April 13, 2006

BY THE COMPANY YOU KEEP (via Brad S):

Exclusive: Jill Carroll Middle Man Says Kidnappers Demanded $8 Million (ABC News, April 12, 2006)

The man behind Jill Carroll's release tells ABC News in an exclusive interview that kidnapping the American journalist was a mistake. Sheikh Sattam al-Gaaod reveals what it took to free her — and why he supports the resistance.

Al-Gaaod was one of three people specifically thanked by Carroll's family after her release.

"They are defending their country," he said in an interview at his summer house outside Amman, Jordan. "They are an honest resistance. And sometimes they do mistakes."

One mistake, he said, was kidnapping Carroll. Al-Gaaod said he used his influence to help free her... [...]

Al-Gaaod said he believes attacks on U.S. troops are justifiable because the Americans are occupiers, but he calls attacks on civilians criminal.

The editor of the Christian Science Monitor said today he was unaware of any ransom payment paid by anyone.


Contrary to the hysteria of some folks, you can be glad that she was released without being so naive as to believe the official story. Given the series of examples, it wouldn't seem that controversial to observe that if you support the ends of the Sunni terrorists and facilitate a transfer payment to their cause you're more likely to be released unharmed than if you work for the reconstruction effort.

MORE:
Kidnapped Reporter Had Unlikely Friend (The Boston Channel, April 13, 2006)

We're learning more about the road to freedom for kidnapped reporter Jill Carroll, who was released two weeks ago.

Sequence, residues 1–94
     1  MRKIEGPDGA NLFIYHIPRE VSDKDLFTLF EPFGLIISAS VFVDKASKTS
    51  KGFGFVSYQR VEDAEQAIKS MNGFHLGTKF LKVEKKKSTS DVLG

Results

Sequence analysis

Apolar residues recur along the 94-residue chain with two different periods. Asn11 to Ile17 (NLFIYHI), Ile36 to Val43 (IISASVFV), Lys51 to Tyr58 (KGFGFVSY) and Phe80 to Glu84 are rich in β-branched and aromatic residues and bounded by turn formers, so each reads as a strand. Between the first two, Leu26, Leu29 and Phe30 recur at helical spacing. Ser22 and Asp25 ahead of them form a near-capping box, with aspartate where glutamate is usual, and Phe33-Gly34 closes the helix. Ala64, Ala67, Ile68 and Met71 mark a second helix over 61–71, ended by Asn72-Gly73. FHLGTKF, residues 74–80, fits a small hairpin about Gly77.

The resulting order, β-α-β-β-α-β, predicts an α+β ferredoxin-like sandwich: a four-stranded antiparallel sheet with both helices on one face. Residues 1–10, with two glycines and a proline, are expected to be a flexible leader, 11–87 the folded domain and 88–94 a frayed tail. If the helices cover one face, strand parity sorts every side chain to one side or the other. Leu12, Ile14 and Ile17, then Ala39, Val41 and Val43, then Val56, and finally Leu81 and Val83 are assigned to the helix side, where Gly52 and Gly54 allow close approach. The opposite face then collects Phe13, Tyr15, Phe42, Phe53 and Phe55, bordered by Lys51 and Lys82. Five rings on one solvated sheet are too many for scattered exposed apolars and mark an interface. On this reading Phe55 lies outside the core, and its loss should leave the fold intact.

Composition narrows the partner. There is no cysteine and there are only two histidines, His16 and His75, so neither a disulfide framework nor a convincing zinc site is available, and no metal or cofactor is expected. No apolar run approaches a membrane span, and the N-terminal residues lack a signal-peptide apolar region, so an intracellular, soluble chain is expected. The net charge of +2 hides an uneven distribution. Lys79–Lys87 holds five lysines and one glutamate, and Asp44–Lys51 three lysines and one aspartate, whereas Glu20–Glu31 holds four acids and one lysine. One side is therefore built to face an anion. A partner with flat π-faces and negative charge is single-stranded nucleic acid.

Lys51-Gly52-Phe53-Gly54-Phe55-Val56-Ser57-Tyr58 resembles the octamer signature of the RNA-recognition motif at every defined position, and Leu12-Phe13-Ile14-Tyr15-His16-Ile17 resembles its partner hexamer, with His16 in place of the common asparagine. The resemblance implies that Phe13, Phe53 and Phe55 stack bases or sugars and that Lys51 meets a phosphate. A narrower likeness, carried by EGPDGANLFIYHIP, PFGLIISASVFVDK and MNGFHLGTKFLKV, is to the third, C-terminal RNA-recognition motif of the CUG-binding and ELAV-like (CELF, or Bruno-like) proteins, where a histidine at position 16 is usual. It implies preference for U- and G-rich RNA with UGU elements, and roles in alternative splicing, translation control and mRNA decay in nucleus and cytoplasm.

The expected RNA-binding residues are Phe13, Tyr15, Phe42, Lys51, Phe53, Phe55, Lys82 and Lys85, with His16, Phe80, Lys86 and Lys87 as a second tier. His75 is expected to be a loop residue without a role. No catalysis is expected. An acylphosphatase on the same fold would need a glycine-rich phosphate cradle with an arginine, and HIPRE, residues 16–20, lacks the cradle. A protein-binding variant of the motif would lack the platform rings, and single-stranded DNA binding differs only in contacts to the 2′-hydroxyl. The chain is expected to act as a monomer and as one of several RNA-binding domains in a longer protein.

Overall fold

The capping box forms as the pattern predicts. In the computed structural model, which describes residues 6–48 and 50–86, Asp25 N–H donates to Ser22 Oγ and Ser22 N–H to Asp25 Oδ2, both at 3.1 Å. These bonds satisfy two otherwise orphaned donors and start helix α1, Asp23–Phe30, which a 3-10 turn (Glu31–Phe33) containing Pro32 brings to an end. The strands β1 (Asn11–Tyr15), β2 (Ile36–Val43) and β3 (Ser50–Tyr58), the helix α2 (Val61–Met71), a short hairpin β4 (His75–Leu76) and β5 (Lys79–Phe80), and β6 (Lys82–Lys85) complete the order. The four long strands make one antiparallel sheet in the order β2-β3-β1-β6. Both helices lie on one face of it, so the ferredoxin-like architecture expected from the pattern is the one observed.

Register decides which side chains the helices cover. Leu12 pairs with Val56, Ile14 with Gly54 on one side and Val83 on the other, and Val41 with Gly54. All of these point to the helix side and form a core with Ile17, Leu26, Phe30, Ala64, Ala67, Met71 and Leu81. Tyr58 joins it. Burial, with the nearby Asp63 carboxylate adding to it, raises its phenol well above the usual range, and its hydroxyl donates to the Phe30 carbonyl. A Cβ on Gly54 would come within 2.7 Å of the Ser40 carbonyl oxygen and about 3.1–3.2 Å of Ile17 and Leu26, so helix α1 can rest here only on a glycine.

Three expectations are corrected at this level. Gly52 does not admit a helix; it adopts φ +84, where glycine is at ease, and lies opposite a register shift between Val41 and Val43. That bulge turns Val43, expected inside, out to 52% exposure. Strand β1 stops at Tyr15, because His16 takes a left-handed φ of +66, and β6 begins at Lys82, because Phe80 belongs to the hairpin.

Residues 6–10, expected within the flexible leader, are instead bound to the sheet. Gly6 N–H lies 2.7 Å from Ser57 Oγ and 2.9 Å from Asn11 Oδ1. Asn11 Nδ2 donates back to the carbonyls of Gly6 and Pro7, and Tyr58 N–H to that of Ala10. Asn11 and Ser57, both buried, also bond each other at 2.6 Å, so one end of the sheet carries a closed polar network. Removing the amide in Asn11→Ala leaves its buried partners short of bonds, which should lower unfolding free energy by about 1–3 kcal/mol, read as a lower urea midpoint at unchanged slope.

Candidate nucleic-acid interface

It turns out the former hostage from Massachusetts had an unlikely friend behind enemy lines.

NewsCenter 5's Mary Saladna reported that there were three people Carroll's family specifically thanked for her safe return when she was released from her captors, one of them a sheik who was once one of Saddam Hussein's closest business associates. He says he's now one of the proud leaders of the Iraqi insurgents.

"They are defending their country and they are honest resistancy and sometimes they do mistakes," he said.


Unlikely?

Posted by Orrin Judd at April 13, 2006 12:29 PM
Comments

I would imagine Al-Gaaod probably talked to the hostage takers in roughly the same tones that Anita Morris talked to Bill Pullman in "Ruthless People."

Posted by: John at April 13, 2006 3:40 PM

Is there any evidence of a payment?

Or was she released because of her political affinity with the terrorists?

Posted by: Pepys at April 13, 2006 5:48 PM

Neither speaks well does it? Both is devastating.

Posted by: oj at April 13, 2006 5:51 PM

Point taken.

Posted by: Pepys at April 13, 2006 6:07 PM

May as well just come right out and say it: you were right.

Posted by: Noel at April 13, 2006 8:30 PM
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